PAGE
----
Chromatography- Definition, Principle, Types, Applications


Chromatography is a powerful and versatile technique that allows the separation, identification, and purification of different components of a mixture. It is based on the principle of differential distribution of the components between a moving fluid phase (the mobile phase) and a stationary phase that is either solid or liquid. The components that have a higher affinity for the stationary phase will move slower than those that have a lower affinity, resulting in their separation along the chromatographic system.

The term chromatography was coined by the Russian botanist Mikhail Tswett in 1906, who used it to separate plant pigments using a column of calcium carbonate. Since then, chromatography has evolved into a diverse family of methods that can separate molecules based on various physical and chemical properties, such as size, shape, charge, polarity, hydrophobicity, and affinity. Chromatography can be performed in different modes, such as liquid or gas chromatography, and with different configurations, such as column, thin layer, or paper chromatography.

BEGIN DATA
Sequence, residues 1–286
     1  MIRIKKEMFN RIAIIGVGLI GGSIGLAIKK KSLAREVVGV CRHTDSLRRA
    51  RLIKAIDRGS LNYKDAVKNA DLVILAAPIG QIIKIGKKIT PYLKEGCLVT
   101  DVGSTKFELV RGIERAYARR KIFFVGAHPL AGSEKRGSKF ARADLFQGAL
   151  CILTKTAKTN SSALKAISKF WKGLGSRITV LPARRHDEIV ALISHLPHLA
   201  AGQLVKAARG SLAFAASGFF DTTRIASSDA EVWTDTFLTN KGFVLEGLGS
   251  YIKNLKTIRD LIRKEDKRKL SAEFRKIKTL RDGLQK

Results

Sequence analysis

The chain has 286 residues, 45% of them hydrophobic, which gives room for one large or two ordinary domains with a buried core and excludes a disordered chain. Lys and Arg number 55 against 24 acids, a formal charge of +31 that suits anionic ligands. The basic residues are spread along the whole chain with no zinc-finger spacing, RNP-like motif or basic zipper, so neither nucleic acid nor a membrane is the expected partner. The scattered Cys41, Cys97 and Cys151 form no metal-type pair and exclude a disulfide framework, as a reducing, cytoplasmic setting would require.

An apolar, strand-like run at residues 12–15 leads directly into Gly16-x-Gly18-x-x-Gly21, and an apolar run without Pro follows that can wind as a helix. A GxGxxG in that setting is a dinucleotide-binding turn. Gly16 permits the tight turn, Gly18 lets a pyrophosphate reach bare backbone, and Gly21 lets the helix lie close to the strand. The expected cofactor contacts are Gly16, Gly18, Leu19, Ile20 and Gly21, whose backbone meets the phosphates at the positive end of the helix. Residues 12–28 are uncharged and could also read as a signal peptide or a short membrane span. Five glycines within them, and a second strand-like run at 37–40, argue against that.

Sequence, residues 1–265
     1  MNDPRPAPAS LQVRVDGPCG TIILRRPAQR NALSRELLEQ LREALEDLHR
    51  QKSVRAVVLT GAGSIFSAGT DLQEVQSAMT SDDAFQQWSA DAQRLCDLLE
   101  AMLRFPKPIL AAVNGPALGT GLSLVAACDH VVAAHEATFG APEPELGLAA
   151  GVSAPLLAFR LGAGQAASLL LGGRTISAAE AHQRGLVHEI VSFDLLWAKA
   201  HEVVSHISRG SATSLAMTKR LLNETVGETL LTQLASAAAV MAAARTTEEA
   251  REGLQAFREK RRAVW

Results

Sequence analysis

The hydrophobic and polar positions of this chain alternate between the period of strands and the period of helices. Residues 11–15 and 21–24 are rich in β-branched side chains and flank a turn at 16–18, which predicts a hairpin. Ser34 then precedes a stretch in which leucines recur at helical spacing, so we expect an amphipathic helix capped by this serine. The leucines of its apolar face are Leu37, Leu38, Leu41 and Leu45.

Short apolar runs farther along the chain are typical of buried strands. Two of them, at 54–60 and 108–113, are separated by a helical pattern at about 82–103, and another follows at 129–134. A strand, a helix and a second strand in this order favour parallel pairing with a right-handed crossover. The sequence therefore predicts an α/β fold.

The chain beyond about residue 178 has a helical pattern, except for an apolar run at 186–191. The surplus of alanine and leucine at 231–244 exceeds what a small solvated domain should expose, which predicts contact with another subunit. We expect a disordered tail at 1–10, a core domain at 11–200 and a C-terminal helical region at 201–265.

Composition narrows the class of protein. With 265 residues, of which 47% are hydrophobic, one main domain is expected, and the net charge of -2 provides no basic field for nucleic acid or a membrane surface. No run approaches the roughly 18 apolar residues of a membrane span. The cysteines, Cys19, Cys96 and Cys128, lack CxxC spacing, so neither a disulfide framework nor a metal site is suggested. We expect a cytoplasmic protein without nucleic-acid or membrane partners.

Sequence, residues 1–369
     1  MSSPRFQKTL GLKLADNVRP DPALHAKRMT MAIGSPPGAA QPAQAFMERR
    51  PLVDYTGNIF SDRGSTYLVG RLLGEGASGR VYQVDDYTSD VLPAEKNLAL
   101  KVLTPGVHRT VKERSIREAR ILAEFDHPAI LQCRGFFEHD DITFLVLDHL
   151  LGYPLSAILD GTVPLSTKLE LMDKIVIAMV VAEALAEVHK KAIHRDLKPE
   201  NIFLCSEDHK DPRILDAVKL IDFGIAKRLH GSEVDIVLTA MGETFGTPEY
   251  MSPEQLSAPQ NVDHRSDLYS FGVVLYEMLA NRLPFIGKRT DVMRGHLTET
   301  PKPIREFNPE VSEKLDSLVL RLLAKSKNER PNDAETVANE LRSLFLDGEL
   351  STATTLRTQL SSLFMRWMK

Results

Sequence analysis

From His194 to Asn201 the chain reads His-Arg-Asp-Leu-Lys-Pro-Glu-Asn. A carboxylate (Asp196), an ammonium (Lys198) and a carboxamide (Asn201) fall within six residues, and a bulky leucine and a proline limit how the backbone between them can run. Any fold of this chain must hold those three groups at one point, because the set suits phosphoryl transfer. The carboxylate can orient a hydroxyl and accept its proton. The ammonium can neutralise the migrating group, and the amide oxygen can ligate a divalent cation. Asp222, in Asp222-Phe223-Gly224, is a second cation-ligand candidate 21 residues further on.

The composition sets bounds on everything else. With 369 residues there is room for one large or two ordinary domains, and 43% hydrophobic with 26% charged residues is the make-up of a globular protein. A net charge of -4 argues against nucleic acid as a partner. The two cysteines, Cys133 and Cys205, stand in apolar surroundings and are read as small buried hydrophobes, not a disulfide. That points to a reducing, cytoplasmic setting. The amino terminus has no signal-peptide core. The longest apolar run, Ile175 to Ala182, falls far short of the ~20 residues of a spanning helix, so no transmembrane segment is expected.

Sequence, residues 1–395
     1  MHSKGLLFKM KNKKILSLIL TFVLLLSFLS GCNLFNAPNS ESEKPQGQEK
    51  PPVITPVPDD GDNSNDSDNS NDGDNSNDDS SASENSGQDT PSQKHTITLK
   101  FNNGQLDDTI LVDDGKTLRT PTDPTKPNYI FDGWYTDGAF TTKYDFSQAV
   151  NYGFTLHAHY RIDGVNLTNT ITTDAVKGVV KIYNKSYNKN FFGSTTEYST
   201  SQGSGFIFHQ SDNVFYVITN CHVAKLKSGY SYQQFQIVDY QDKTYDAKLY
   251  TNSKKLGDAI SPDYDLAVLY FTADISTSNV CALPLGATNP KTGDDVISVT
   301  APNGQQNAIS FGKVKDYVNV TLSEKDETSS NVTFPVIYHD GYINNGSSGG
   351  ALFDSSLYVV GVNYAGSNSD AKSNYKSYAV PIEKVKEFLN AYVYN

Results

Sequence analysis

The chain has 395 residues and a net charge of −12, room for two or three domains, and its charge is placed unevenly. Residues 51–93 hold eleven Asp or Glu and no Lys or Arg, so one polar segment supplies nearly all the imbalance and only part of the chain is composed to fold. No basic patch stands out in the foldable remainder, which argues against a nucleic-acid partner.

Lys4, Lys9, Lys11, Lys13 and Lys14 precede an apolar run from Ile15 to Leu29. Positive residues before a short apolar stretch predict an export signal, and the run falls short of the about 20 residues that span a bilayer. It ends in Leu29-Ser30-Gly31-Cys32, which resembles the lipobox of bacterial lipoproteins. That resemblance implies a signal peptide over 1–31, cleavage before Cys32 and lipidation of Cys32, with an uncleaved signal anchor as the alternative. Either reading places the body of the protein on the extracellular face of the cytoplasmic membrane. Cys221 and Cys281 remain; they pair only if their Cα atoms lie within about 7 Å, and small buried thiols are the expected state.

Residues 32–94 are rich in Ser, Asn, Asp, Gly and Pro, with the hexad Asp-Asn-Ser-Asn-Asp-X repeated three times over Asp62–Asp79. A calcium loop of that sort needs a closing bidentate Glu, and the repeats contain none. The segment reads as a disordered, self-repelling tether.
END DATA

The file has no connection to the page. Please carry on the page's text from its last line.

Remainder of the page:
Chromatography has numerous applications in biological and chemical fields. It can be used for qualitative and quantitative analysis of complex mixtures, such as environmental samples, pharmaceutical products, food additives, biochemical reactions, and metabolic pathways. It can also be used for isolation and purification of target molecules, such as proteins, nucleic acids, hormones, and drugs. Chromatography is often the only means of separating components from complex mixtures that cannot be separated by other methods.

In this article, we will discuss the history of chromatography, the principle of chromatography, the components of chromatographic techniques, the types of chromatography, the commonly employed chromatographic techniques, and the applications of chromatography in various industries.